One of the questions that I get quite a lot from other people, usually friends and family, when they want to buy a computer is, “Should I buy a computer that’s bundled or in a package? Or should I buy the parts separately and build the computer from the ground up?” For PC hardware/gaming enthusiasts, such as me, I would choose the latter as I could target specific parts that would make my PC gaming experience better. It could buy a more powerful graphics card, faster processor, more RAM and sacrifice other components to fund those parts that I need more. However, the techie and regular consumer in me tells me that I should weigh things first. Let’s get into some more details.
Packaged or bundled computers are those that are already built by the supplier or the shop you’re buying it from. What you usually have to do is to pay for the PC and then, as soon as you bring it home or wherever you need the computer to be, you could just turn it on and you’re good to go. As for custom-built PCs, you need to buy every single component separately, although you do have the option to buy several parts from just one shop or supplier.
The thing is that for custom-built PCs, you need to check if the parts are compatible with one another. Is the motherboard’s socket compatible with your processor? Do you have enough memory slots and the correct slot type for your RAM or RAMs? Will your motherboard be able to handle SATA3 drives, whether it’s mechanical or SSD? Does your motherboard have Crossfire or SLI capabilities if you plan on using 2 or more video cards? Is your power supply powerful enough to provide electricity to your PC’s components efficiently?
As you can see, packaged computers are usually configured to run immediately. You need not worry about the complexities of the PC hardware. If you just want your PC to run and do the things you need such as using the internet, typing documents, simple graphics design, music, playing videos on YouTube and the likes, pre-built PCs are pretty much okay.
But is that always the case? Well, not really. When someone asks me about a pre-built PC they are eyeing on, I would ask them to stop for a minute and do some research. What if I could build a PC at the same price but with better performance as I will be choosing which parts or components I would include? We could tone down on some of the other parts and shift the extra funding towards more important components such as the processor, motherboard or video card?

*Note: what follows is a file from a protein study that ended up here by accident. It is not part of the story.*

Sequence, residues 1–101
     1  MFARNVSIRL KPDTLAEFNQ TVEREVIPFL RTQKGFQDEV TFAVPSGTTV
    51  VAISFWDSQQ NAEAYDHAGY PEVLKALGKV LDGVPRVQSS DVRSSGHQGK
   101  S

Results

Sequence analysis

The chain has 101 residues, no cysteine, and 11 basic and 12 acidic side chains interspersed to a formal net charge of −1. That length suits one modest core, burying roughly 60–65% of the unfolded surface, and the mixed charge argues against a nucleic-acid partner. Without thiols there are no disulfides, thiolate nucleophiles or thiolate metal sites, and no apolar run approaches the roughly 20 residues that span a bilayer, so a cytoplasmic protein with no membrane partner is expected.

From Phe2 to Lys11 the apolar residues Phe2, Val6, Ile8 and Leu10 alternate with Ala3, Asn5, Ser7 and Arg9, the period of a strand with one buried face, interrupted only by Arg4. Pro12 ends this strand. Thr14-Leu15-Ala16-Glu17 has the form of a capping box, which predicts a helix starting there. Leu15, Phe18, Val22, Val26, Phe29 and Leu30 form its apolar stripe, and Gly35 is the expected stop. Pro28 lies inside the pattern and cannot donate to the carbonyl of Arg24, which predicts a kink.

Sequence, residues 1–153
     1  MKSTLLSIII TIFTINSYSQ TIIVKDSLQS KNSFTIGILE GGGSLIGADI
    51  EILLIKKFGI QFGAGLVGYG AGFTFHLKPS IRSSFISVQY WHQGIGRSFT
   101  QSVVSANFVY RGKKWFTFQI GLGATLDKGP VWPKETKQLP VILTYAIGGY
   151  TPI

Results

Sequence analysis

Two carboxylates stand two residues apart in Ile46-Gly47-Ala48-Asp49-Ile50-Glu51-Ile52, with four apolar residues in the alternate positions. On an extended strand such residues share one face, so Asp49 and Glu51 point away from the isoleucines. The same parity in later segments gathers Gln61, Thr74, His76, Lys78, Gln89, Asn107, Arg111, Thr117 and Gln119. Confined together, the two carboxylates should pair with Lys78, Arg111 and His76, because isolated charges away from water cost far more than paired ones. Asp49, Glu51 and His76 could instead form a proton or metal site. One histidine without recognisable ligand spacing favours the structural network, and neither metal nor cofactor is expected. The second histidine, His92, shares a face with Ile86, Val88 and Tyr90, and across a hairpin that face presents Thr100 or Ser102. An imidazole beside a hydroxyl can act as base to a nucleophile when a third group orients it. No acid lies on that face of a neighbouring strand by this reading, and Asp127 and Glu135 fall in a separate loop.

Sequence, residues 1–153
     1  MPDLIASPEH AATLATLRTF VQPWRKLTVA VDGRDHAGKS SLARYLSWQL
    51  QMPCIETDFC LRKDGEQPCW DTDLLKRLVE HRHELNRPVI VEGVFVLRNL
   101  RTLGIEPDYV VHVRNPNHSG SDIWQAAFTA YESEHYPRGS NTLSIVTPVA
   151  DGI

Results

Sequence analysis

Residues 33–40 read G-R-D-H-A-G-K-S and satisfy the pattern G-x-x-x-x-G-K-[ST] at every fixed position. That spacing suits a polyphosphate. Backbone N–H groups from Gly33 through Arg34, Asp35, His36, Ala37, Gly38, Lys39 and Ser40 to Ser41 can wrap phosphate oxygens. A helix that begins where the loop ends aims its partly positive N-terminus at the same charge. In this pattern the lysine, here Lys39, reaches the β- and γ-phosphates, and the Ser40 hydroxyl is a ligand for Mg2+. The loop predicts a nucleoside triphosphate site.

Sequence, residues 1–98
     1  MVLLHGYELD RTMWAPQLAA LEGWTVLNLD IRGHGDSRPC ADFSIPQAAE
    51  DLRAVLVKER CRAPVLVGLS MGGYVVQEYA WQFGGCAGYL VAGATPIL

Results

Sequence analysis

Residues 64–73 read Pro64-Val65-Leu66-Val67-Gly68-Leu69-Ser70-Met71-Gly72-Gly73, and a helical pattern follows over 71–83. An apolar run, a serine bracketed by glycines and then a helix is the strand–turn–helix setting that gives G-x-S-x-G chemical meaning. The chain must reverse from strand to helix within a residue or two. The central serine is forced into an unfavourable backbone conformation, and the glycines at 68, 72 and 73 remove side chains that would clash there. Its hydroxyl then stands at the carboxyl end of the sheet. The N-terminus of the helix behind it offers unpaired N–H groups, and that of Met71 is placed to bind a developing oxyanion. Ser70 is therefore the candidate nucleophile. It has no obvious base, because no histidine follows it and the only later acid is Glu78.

For example, let’s say your pre-built PC has a 24-inch LED display. What if I found a much cheaper 23-inch LED display? I could use the extra cash to buy a more powerful video card. What if the package comes with an ultra-expensive mouse and keyboard? Why not buy regular or cheap branded ones instead? And again, shift the budget towards a faster video card or even better processor. If it has a 3-terabyte hard drive, but you don’t need it, why not buy a 1-terabyte hard drive and instead use the extra cash for better-performing parts? As you can see it will also depend on what your preferences are and the availability of the parts.
What I usually do then is gather up updated price lists from PC shops that I know of and compare the specifications of the pre-built PC and try to find if there’s a better-performing PC set-up that I can build for the same budget or cheaper. Sometimes, I do give the option to, let’s say for an extra $20 or so, get more powerful hardware. As you all know, when it comes to buying PCs, hardware isn’t the main concern and its purpose isn’t really the first priority, it’s your budget. It’s usually how much you can and how much you are willing spare to buy a PC.
So in a nutshell, it does pay to see whether a packaged or pre-built PC is viable for the budget you are allotting to buy the PC. In my experience, a lot of pre-built PCs I see out there are sub-standard for their price when I review the specifications. There is a chance that you could get a better-performing, sleeker-looking, awe-inspiring PC at the same price, at a lower price, or even for just a few extra bucks.